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Influenza Immunization

Common Questions about Influenza Immunization

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​​​​​​​​​How is the influenza vaccine given?

The influenza vaccine is given by an injection.

Is the influenza vaccine safe?

Yes. In Canada, vaccines undergo laboratory and field-testing. They must pass a strict licensing procedure with the federal government before they can be used. Once a vaccine has been approved for use, every lot is tested for safety and quality. You can’t get influenza disease from the influenza vaccine.

If I was immunized last year, do I need to get immunized again this year?

Yes. You need to get influenza vaccine every year because influenza viruses change from year to year. It’s not unusual for new influenza viruses to appear each year. When viruses change, so do the vaccines. The World Health Organization identifies the strains of influenza that they predict will be the most common during the upcoming season. This information is used to develop the vaccine to protect against these strains. The immunity you get from your vaccine decreases over time, which means you need to get immunized every year to stay protected (even if you've been immunized against the same strain before).

 

To protect yourself against influenza, get immunized every year. Make it part of your fall routine.


I’m in Alberta, but I’m not an Alberta resident—can I get immunized?

If you live, work, or go to school in Alberta, you can get immunized for free at any of the Alberta Health Services influenza immunization clinics. For example, if you usually live in Nova Scotia but are working in Alberta, or you live in Ontario but are going to university in Alberta, you can get the vaccine for free. You can find an immunization clinic near you at Immunization Clinic Schedule.

If I’m healthy why do I need to get immunized?

Getting immunized is one of the best ways to prevent influenza. It’s a good idea for everyone in Alberta to get immunized, even healthy people not at risk of complications. If you have influenza, you can be sick for 5 to 10 days, but it can take weeks to fully recover. By protecting yourself, you help protect people around you who are at risk of complications from influenza. If more people are protected, less people will get sick from influenza.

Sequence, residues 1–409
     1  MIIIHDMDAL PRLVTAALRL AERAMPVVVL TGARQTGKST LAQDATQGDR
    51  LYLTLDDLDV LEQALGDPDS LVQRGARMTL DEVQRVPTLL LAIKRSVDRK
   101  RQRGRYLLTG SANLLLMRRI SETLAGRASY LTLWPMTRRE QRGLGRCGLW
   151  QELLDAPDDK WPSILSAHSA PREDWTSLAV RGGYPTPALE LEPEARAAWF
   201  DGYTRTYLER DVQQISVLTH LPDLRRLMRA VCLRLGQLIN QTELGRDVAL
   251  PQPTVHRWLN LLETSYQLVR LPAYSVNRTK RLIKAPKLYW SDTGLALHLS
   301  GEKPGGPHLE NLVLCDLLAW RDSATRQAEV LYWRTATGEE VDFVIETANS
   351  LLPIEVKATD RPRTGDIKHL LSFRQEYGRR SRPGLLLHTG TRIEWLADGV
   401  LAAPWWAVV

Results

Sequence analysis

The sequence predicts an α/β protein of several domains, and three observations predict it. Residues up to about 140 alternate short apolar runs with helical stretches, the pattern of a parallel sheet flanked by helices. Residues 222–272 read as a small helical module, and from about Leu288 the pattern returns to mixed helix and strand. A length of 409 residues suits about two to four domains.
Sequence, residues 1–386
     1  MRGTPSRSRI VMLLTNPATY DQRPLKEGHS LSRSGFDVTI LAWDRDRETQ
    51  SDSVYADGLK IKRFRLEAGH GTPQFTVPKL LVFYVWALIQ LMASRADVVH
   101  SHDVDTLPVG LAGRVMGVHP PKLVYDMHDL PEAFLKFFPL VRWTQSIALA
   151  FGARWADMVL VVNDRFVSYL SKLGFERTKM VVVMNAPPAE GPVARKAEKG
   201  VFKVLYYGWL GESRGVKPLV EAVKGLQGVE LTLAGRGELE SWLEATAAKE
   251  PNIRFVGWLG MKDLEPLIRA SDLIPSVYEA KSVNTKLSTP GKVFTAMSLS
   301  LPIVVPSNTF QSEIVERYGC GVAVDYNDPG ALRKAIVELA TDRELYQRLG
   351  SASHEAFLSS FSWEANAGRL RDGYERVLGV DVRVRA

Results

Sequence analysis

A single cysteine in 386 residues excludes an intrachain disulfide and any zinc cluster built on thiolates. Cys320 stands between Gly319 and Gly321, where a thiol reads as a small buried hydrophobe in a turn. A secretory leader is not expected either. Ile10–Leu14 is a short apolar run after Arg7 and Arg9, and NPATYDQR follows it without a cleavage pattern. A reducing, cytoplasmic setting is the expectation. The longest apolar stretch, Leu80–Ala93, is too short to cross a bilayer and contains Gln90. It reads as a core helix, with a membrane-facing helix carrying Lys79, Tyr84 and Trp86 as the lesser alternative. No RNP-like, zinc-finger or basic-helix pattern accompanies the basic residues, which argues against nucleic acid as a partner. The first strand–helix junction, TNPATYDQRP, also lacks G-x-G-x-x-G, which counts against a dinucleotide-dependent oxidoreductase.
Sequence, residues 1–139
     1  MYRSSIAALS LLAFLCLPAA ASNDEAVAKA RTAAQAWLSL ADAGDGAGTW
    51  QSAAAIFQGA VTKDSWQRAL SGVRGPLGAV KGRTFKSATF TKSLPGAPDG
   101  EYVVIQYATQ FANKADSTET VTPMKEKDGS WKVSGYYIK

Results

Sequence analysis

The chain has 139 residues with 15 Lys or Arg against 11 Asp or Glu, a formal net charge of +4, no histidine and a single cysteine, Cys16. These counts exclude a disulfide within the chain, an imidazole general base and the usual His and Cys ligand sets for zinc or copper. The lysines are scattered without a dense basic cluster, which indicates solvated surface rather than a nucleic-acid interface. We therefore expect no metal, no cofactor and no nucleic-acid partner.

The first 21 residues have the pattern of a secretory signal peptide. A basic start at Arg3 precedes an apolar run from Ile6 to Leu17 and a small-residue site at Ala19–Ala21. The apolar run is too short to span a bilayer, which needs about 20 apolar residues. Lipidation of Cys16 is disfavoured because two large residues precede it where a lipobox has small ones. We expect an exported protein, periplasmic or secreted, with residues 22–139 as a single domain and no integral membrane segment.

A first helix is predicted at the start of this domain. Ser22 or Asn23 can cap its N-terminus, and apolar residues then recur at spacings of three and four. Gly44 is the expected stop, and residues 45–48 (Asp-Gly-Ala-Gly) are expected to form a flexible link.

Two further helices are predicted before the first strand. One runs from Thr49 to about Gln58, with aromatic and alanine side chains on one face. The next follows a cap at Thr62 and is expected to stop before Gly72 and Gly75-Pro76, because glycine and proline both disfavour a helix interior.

I don’t normally get influenza—do I really need to get immunized?

It’s a good idea for everyone to get immunized for influenza every year. Influenza vaccine is the best way to decrease the chances that you will get influenza and spread it to others.

I had H1N1 disease/influenza disease before—do I still need to be immunized?

Even if you have had influenza disease (including H1N1) before, it is still important to get immunized every year. The strains circulating this year may be different than the one you had before.

I’m pregnant or breastfeeding—can I get immunized?

If you’re pregnant (or planning to get pregnant), it’s safe to get immunized with the inactivated influenza vaccine (injection). If you’re breastfeeding, it’s safe to get immunized with the inactivated in​fluenza vaccine (injection).

I have a latex allergy—can I get the vaccine?

If you have a latex allergy, it’s safe to get the vaccine. There is no latex in the vaccine, the packaging, or the syringe.

Can I get the vaccine if I take medicine?

Yes, it’s safe to get the inactivated vaccine (injection) if you take most types of medicine.

Can I get the vaccine at the same time as other vaccines?

Yes, the inactivated influenza vaccine (injection) can be given at the same time or any time before or after other inactivated or live vaccines.

Can I donate blood if I get the influenza vaccine?

If you get the inactivated influenza vaccine (injection), you have to wait 48 hours (2 days) before you can donate blood.

If you’ve donated blood, you don’t have to wait to get the influenza vaccine.

How long does it take for the vaccine to start working?

It takes about 2 weeks after getting the vaccine to be protected from influenza. You can be protected for up to 1 year. The vaccine won’t protect you from colds or other respiratory illnesses not caused by influenza.

How well does the vaccine work?

How well the influenza vaccine works can vary widely from season to season. It also depends on the age and health of the person being immunized. When the influenza strains in the vaccine are the same as the strains in the community, influenza illness can be prevented in healthy adults and older children.

Research shows that the vaccine can decrease:

  • complications in people that are high-risk
  • pneumonia, hospital admissions, and deaths in older adults
  • doctor appointments, hospital admissions, and deaths in high-risk people between 18 and 64

Current as of: October 4, 2019

Author: Influenza Immunization Program, Alberta Health Services​​